The verse to consider today is from Romans 9:21-24

Has the potter no right over the clay, to make out of the same lump one vessel for honorable use and another for dishonorable use? 22 What if God, desiring to show his wrath and to make known his power, has endured with much patience vessels of wrath prepared for destruction, 23 in order to make known the riches of his glory for vessels of mercy, which he has prepared beforehand for glory— 24 even us whom he has called, not from the Jews only but also from the Gentiles?

There are vessels of mercy, and there are vessels of wrath. Considering anything regarding God is weighty and should fill the saved and the non-saved with awe and humility. But to really consider His work of judgment should bring to mind the famous comment attributed to martyr John Bradford, “There but for the grace of God go I”.

Here is M’Cheyne preaching on the Romans verse. In my opinion, it’s brilliant. I post ed M’Cheyne’s point 2 here. I’ll post point 3 tomorrow and the next day, Lord willing. The full sermon is here.

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The Vessels of Wrath Fitted to Destruction

The following sermon preached on the afternoon of March 12, 1843, was the author’s last in St. Peter’s. “It was observed, both then and on other occasions,” says Andrew Bonar, “that he spoke with peculiar strength upon the sovereignty of God.” The following evening McCheyne’s illness commenced and on Saturday, March 25, he went to the Saviour whose glory he lived to proclaim.
“What if God, willing to shew his wrath, and to make his power known, endured with much longsuffering the vessels of wrath fitted to destruction: and that he might make known the riches of his glory on the vessels of mercy, which he had afore prepared unto glory?” – Romans 9:22,23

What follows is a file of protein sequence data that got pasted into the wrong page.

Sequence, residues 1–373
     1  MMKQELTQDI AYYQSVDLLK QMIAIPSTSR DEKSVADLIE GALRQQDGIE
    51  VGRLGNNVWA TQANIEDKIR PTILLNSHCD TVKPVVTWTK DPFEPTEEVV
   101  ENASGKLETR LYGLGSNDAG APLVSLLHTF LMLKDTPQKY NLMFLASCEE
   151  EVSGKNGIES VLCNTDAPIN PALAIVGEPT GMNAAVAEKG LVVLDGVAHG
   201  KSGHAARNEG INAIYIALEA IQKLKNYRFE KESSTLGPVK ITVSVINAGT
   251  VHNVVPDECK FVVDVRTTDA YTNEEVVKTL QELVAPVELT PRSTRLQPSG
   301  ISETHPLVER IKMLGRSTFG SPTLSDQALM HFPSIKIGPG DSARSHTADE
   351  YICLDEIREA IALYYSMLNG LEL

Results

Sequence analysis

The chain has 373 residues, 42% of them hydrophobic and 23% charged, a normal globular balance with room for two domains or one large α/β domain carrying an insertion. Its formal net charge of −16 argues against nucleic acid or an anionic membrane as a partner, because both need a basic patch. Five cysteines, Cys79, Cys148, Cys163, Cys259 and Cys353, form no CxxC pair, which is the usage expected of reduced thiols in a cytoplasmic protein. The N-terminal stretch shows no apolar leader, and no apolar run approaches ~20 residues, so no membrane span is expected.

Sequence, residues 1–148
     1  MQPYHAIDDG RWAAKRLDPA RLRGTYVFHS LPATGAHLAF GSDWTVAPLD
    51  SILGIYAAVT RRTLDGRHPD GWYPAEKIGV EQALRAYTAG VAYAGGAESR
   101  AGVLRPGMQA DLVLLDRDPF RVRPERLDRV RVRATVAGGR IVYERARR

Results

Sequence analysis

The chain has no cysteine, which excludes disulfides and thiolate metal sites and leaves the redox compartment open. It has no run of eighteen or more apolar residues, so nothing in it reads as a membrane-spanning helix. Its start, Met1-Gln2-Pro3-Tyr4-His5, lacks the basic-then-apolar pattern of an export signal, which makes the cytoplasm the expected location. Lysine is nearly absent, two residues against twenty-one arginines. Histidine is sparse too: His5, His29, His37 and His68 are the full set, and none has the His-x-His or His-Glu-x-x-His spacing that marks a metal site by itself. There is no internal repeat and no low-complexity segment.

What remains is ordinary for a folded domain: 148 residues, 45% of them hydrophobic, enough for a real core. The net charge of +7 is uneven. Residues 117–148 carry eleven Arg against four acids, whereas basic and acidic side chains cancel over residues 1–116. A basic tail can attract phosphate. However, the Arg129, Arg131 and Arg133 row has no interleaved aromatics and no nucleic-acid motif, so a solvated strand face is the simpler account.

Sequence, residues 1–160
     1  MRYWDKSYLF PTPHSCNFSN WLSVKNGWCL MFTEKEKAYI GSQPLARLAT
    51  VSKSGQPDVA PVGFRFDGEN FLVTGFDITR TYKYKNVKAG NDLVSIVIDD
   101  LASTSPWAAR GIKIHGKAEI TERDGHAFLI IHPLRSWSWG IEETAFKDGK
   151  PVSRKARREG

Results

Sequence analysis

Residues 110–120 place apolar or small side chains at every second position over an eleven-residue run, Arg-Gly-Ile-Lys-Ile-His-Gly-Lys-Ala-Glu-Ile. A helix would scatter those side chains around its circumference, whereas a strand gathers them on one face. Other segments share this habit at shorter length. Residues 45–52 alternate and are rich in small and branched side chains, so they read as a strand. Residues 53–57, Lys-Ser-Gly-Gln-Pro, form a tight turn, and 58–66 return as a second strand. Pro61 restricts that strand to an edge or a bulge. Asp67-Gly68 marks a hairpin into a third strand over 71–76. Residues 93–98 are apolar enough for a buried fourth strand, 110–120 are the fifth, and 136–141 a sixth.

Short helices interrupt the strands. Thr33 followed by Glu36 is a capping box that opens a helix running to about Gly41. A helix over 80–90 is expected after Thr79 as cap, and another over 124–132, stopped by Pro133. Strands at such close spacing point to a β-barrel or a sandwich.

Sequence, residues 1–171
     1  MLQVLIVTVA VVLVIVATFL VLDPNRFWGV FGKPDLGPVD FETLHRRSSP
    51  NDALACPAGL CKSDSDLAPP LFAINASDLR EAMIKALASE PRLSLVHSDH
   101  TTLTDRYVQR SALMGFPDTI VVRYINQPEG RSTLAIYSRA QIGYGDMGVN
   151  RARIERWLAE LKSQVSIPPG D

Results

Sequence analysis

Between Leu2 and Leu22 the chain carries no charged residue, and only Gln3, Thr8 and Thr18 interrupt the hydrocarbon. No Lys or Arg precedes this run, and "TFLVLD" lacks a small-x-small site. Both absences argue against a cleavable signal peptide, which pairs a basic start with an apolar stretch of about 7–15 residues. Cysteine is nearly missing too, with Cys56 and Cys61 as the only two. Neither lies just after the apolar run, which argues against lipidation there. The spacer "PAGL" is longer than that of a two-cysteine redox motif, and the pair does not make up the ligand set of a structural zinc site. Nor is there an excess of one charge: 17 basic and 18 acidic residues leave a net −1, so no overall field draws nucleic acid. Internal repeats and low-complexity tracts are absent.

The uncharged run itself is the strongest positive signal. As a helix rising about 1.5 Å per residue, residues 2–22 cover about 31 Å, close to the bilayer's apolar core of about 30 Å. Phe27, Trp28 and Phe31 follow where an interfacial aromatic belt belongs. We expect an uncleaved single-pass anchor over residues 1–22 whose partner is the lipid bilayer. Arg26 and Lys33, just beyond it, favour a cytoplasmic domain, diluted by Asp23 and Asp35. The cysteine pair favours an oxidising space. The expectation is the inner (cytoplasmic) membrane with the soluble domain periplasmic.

In a former discourse, brethren, I attempted to show you that the reason why God will punish the wicked eternally is, because he loveth righteousness. It is said in the eleventh Psalm, “Upon the wicked He shall rain snares, fire, and brimstone, and an horrible tempest: this shall be the portion of their cup, for the righteous Lord loveth righteousness.” I then tried to show you, that God has created hell, and will maintain it for ever, not because He loves human pain – I believe it is not so, nor is it because He is subject to passion, as men speak of passion – but because the righteous Lord loveth righteousness.

And I showed you, as you will remember, what a certainty hell is to the wicked. If it had its origin in the love of human pain, then you might have hoped that it would have an end; or, if it proceeded from passionateness, then it might cool; but ah! when it proceeds from Jehovah’s love of righteousness, I see, brethren, in that a reason why “the worm dieth not, and the fire is not quenched.”